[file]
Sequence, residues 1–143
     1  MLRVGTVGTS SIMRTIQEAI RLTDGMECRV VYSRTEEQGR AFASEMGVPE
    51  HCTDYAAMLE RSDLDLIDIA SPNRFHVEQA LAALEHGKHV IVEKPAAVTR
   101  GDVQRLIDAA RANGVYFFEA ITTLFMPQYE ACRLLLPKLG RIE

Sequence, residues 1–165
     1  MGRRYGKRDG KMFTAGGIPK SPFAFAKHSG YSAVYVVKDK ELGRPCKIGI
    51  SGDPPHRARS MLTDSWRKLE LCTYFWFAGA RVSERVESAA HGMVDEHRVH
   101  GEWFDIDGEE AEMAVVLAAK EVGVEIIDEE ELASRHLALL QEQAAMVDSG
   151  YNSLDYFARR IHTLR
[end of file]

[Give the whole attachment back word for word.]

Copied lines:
Sequence, residues 1–143
     1  MLRVGTVGTS SIMRTIQEAI RLTDGMECRV VYSRTEEQGR AFASEMGVPE
    51  HCTDYAAMLE RSDLDLIDIA SPNRFHVEQA LAALEHGKHV IVEKPAAVTR
   101  GDVQRLIDAA RANGVYFFEA ITTLFMPQYE ACRLLLPKLG RIE

Sequence, residues 1–165
     1  MGRRYGKRDG KMFTAGGIPK SPFAFAKHSG YSAVYVVKDK ELGRPCKIGI
    51  SGDPPHRARS MLTDSWRKLE LCTYFWFAGA RVSERVESAA HGMVDEHRVH
   101  GEWFDIDGEE AEMAVVLAAK EVGVEIIDEE ELASRHLALL QEQAAMVDSG
   151  YNSLDYFARR IHTLR